to do as it erodes the power of control of funding
elite and the bureaucracy. 
 
(GOLUB): 
> In fairness, we should also provide job stability for 
> those whom we employ, and whose lives are the most
> at stake when application/renewal time comes around. 

BEREZIN:
Unfortunately, it is highly unlikely to happen,
unless there will be massive fight for this 
from those who are affected (cf. the history
of the fall of Roman Empire from slaves' revolts;
I am afraid we light years from this as far as 
the subordinate research positions are concerned).

(see more references of peer review after Tivol's text) 

> 
> In article <4anjs9$iqk at pauling.wadsworth.org>, tivol at news.wadsworth.org (William Tivol) writes:
> 
> |> 	An intermediate position would be to fund core facilities for many
> |> researchers for lab animals and space shuttles, and then fund researchers
> |> according to track record.  I, myself, do my work within a biotechnological
> |> resource funded by NIH to be used by both in-house and outside researchers.
> |> Anyone with a project which requires our facilities can come and use them
> |> for free (of course, the researcher must pay travel and food/lodging costs,
> |> but we can do preliminary investigating before this to see if the project
> |> will be acceptibly served by the resource).
> |> 				Yours,
> |> 				Bill Tivol
> 
> -- 
> ==============================================================================
> Ellis Golub                            Phone: (215) 898-4629
> Biochemistry Department                FAX:   (215) 898-3695
> University of Pennsylvania             ellis at biochem.dental.upenn.edu
> School of Dental Medicine             
> 4001 Spruce Street
> Philadelphia, PA 19104-6003
> ===============================================================================
> 

SOME REFERENCES ON PEER REVIEW AND FUNDING MODELS

Berezin, A. A. (1993). The SSC and peer review. Physics World 
(Dec.), 19. 

Berezin, A. A., R. Gordon & G. Hunter (1995). Anonymous peer   
     review and the QWERTY effect. Amer. Physics Soc. News,  
     March 1995. 

Berezin, A. A. & G. Hunter (1994). Myth of competition and NSERC
     policy of selectivity. Canadian Chemical News  46(3), 4-5. 

Forsdyke, D. R. (1983). Canadian medical research strategy for    
     the Eighties I. Damage-limitation or superelitism? Med.      
     Hypotheses  11, 141-145. 

Forsdyke, D. R. (1983). Canadian medical research strategy for    
     the Eighties II. Promise or performance as the basis for the 
     distribution of research funds? Med. Hypotheses  11,         
     147-156. 

Forsdyke, D. R. (1989). Sudden-death funding system. FASEB J.     
     3(10), 2221. 

Forsdyke, D. R. (1989). A systems analyst asks about AIDS         
     research funding. Lancet  2(December 9), 1382-1384.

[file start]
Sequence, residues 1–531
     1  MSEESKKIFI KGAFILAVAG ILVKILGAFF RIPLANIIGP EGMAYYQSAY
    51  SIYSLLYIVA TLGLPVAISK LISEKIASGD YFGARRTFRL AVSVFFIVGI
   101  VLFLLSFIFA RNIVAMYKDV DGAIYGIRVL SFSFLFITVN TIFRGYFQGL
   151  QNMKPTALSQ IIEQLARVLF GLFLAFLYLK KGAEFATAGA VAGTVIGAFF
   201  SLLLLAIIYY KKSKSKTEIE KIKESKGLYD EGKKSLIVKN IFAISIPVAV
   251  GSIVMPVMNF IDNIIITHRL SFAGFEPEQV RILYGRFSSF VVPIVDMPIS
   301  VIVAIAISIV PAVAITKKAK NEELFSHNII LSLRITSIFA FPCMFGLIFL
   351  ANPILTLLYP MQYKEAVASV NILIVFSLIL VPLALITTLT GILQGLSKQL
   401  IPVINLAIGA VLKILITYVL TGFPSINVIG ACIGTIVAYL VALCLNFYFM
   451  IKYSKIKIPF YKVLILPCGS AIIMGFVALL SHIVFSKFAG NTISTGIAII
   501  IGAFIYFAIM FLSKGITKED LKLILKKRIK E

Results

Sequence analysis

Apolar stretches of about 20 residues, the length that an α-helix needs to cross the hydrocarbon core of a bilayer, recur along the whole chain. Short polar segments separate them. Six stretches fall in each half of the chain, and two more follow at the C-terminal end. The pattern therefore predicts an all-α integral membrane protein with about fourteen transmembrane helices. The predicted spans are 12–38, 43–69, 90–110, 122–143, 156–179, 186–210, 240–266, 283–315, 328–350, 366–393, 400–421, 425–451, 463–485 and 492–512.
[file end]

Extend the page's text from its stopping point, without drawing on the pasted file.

Forsdyke, D. R. (1991). Bicameral grant review: an alternative to 
     conventional peer review. FASEB J.  5, 2312-2314. 

Forsdyke, D. R. (1992). Bicameral grant review: how a systems     
     analyst with AIDS would reform research funding.
     Accountability in Research  3, 1-5. 

Forsdyke, D. R. (1993). On giraffes and peer review. FASEB J.  7, 
     619-621. 

Forsdyke, D. R.(1994). Authorship and misconduct. Nature 370, 91. 

Forsdyke, D. R. (1994). A theoretical basis for accepting         
     undergraduate academic record as a predictor of subsequent   
     success in a research career. Implications for peer review.  
     Accountability in Research  3, 269-274. 

Gordon, R. (1993). Grant agencies versus the search for truth. 
     Accountability in Research: Policies and Quality Assurance   
     2, 1-5. 

Gordon, R. (1993). Alternative reviews. University Affairs        
     (Assoc.of Universities and Colleges of Canada) 34(6), 26. 

Horrobin, D. (1981/1982). Peer review: Is the good the enemy of   
     the best?  J. Res. Communic. Stud.  3, 327-334. 

Horrobin, D. F. (1990). The philosophical basis of peer review    
     and the suppression of innovation. J. Amer. Med. Assoc.      
     263(10), 1438-1441. 

Kenward, Michael. (1984). Peer review and the axe murderers",
     New Scientist, 102 (1412), p. 13 (31 May, 1984). 

McCutchen, Charles W. (1991). Peer Review: Treacherous Servant,
     Disastrous Master. Technology Review, vol. 94, #7,  
     (October 1991), 28-40.

Osmond, D. H. (1983). Malice's Wonderland: research funding and   
     peer review. J. Neurobiol.  14(2), 95-112.

Savan, Beth. (1990). Science Under Siege (The Myth of             
     Objectivity in Scientific Research, CBC Enterprises,         
     Toronto, 1988. 

Szent-Gyorgyi, Albert. (1972). Dionysians and                     
      Apollonians, Science, 176, 966 (1972).